Project description:Identifying a molecular target is essential for tumor-targeted nanomedicine. Current cancer nanomedicines commonly suffer from poor tumor specificity, "off-target" toxicity, and limited clinical efficacy. Here, we report a method to screen and identify new molecular targets for tumor-targeted nanomedicine based on a quantitative analysis. In our proof-of-principle study, we used comparative flow cytometric screening to identify ICAM-1 as a potential target for metastatic melanoma (MM). We further evaluated ICAM-1 as a MM targeting moiety by characterizing its (1) tumor specificity, (2) expression level, (3) cellular internalization, (4) therapeutic function, and (5) potential clinical impact. Quantitation of ICAM-1 protein expression on cells and validation by immunohistochemistry on human tissue specimens justified the synthesis of antibody-functionalized drug delivery vehicles, which were benchmarked against appropriate controls. We engineered ICAM-1 antibody conjugated, doxorubicin encapsulating immunoliposomes (ICAM-Dox-LPs) to selectively recognize and deliver doxorubicin to MM cells and simultaneously neutralize ICAM-1 signaling via an antibody blockade, demonstrating significant and simultaneous inhibitory effects on MM cell proliferation and migration. This paper describes a novel, quantitative metric system that identifies and evaluates new cancer targets for tumor-targeting nanomedicine.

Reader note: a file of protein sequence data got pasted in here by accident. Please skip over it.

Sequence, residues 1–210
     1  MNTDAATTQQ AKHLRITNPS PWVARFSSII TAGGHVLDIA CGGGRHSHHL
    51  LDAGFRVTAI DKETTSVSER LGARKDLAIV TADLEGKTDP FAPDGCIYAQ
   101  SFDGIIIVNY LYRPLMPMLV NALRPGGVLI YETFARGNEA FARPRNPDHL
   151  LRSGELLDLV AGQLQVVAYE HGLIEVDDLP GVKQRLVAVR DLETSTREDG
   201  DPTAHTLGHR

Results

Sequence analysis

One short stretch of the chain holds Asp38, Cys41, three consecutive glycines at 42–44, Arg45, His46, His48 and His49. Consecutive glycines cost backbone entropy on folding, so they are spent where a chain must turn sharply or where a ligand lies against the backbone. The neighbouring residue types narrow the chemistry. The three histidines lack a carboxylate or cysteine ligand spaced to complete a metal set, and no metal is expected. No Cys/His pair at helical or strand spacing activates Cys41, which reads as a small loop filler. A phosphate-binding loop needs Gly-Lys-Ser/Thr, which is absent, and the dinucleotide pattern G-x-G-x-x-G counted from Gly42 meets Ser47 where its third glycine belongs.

Project description:Nanomedicine has advanced to clinical trials for adult cancer therapy. However, the field is still in its infancy for treatment of childhood malignancies such as acute lymphoblastic leukemia (ALL). Nanotherapy offers multiple advantages over conventional therapy. It facilitates targeted delivery and enables controlled release of drugs to reduce treatment-related side effects. Here, we demonstrate that doxorubicin (DOX) encapsulated in polymeric nanoparticles (NPs) modified with targeting ligands against CD19 (CD19-DOX-NPs) can be delivered in a CD19-specific manner to leukemic cells. The CD19-DOX-NPs were internalized via receptor-mediated endocytosis and imparted cytotoxicity in a CD19-dependent manner in CD19-positive ALL cells. Leukemic mice treated with CD19-DOX-NPs survived significantly longer and manifested a higher degree of agility, indicating reduced apparent systemic toxicity during treatment compared to mice treated with free DOX. We suggest that targeted delivery of drugs used in childhood cancer treatment should improve therapeutic efficacy and reduce treatment-related side effects in children.